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Discussion in 'FJ25 Owners Group' started by JohnnyC, Sep 22, 2008.
1963 auto show
here's a 4door fire truck
and a few more
What year would that RK45V have been?
Toyota Stout - Wikipedia, the free encyclopedia
the rk45v from post #105 is a 1964 right up your alley Dean
While in hEll Paso TX i was up near Anthony, NM. A small garage at W Ohara Rd (Rte 404) and Dreams Dr (this parallel to Rte 478) There was a Stout sitting in the weeds. I can't remember to much about it other than it being the first one I have seen in person. Just throwing some information out for some one.
and even more
a few more
toyota boxes....full of goodies
Take a Crown pickup, stretch the chassis, add a van rear body and replace the 1500/1900cc 4 banger with an F engine.
BJ41V in its home land.
PS: I'm on the lookout for info about early Crown and older variations that don't appear in most histories (eg ambulances, police patrol cars, oddballs, prototypes, etc).
Talk:Toyota SA - Wikipedia, the free encyclopedia
That is a swap I would need to see. Either it had one heck of hood blister or a side sump oil pan. Also can't imagine the life of the RS front suspension with an extra 300# of F motor sitting on it.
The S4# Crown's also had the option of the 2000cc M or 2300cc 2M engines, so the F engine isn't such a big leap in engineering terms.
But in terms of power it's a big leap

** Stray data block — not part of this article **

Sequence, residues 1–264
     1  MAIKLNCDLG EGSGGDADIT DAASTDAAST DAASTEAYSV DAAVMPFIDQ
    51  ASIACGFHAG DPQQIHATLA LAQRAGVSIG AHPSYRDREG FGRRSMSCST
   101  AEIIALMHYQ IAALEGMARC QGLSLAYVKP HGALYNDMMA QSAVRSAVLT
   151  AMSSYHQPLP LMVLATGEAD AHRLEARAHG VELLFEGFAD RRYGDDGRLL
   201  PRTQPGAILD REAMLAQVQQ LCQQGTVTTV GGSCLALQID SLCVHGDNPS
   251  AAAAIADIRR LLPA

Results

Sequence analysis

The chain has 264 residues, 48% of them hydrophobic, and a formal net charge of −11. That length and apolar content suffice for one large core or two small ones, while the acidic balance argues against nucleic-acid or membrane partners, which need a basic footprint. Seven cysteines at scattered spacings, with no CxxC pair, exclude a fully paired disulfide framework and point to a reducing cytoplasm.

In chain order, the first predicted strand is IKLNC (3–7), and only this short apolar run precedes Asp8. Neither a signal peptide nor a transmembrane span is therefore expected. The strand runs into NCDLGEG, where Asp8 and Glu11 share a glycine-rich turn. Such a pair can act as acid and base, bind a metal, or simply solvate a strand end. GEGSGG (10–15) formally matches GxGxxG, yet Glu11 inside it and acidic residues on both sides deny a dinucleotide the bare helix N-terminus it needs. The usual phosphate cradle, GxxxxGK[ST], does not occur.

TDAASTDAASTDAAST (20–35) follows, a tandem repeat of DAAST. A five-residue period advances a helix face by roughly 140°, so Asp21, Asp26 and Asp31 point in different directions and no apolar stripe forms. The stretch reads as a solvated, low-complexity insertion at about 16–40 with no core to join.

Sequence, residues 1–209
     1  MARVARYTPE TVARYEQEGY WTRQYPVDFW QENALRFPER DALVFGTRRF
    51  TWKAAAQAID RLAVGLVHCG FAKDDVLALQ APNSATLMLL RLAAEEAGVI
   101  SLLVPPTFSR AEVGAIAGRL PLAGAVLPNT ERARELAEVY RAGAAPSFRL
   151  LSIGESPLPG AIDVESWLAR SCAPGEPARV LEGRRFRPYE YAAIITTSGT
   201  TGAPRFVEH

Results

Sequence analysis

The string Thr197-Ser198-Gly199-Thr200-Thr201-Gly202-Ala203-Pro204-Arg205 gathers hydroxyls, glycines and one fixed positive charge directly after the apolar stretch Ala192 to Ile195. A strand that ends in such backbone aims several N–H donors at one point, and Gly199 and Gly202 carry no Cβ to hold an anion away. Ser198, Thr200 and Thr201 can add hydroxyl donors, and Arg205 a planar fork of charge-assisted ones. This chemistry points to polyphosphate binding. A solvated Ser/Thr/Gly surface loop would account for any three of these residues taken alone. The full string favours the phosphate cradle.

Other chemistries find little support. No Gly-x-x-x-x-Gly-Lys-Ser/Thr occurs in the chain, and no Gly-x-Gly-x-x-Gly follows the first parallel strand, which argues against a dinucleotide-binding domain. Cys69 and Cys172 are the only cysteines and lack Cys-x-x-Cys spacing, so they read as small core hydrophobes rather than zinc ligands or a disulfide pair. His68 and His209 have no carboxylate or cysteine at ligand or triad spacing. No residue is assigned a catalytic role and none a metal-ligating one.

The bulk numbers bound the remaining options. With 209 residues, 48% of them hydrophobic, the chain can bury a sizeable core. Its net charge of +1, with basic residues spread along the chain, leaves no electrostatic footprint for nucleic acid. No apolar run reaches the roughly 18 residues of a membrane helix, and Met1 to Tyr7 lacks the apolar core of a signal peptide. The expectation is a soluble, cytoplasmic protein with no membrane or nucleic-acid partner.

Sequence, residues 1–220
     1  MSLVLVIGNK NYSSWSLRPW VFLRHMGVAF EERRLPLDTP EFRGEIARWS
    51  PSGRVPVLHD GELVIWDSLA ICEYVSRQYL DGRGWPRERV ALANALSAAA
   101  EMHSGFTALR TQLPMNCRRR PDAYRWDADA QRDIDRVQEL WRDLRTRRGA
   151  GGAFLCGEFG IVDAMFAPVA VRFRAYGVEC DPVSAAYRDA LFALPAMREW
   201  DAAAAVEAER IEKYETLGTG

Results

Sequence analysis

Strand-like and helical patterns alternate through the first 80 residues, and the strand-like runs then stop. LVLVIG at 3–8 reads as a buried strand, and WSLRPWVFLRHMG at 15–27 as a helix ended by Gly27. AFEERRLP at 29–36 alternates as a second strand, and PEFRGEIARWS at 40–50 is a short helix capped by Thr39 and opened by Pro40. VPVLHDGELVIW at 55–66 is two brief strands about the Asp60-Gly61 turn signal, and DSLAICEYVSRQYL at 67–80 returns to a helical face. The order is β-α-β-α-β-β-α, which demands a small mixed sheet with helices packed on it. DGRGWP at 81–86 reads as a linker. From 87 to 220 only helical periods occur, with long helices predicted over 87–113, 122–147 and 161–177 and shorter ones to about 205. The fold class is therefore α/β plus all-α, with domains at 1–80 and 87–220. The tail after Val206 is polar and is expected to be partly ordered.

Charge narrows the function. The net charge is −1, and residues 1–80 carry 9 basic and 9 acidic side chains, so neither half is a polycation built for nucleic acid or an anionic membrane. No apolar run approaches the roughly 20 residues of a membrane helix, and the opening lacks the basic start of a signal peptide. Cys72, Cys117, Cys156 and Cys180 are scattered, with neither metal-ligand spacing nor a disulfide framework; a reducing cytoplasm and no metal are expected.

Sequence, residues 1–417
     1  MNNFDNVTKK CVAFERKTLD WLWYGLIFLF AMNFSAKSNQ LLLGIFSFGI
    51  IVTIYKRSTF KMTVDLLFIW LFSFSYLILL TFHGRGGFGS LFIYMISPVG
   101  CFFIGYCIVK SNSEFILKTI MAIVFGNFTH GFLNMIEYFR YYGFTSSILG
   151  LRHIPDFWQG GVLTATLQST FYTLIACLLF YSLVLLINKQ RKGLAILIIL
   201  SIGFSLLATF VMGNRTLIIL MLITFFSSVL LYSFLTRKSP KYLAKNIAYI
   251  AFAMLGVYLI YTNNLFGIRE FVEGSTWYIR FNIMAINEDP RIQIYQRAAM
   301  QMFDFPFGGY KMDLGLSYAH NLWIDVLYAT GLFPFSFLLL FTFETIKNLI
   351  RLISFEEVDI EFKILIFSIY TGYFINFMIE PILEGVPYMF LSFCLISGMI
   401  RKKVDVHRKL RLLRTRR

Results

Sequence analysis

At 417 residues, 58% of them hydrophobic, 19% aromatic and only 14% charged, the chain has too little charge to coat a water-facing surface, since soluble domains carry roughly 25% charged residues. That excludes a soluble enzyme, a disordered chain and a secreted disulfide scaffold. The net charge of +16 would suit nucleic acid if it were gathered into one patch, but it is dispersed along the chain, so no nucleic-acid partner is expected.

Earlier 4 cylinder Crowns were factory modified to make 6 cylinder police patrol cars, ambulances, etc by fitting stronger components (eg springs) and using extended front sheet metal. Some extended the front chassis but most simply let the engine overhang at the front. The same basic underpinnings were used for such 6 cylinder conversions from about 1947 to about 1960. I don't have part numbers but I suspect they would share a lot of parts from the Land Cruiser because the early BJ's were developed from the SB light truck chassis and so were these conversions. Follow some of the links on the WP page to get an idea of what I mean.
Good Stuff. It wasn't the power of the F, but the shear bulk of it in the small sedan. Looking at some of those pictures I can see that it was a completely different chassis. I was never even aware of the FH being a "mid size" truck.
These are just plain scary though. Classic American hot rod, stuff the biggest motor you can find into the smallest package. I wonder how many were lost when they had to take a corner at high speed:
A potted history of the early cars is in order.
In 1947 Toyota made the SA as essentially a VW Beetle with a water cooled engine up front - the public hated it.
Toyota put the same engine in the ladder framed small truck called the SB.
The public loved this and made custom sedan bodies for it.
For the next 10 years Toyota released variations on this same chassis with various sedan bodies on it (SD to SF, RH, RR).
This chassis was sometime customised (by the factory and others) to receive the B and F engines and special bodies (fire engine, police car, ambulance).
I believe (but can't prove) that the BJ also used a variation of this chassis and engine.
There is a good reason why Chinese call white ambulances 'death cars'.
For starters, the colour white is the colour of death.
Imagine being in an accident and then waking up in a small white room which feels like it is being shaken by demons, there is a horrible wailing sound, you're tied down and some people dressed in the colour of death keep trying to stick needles in you.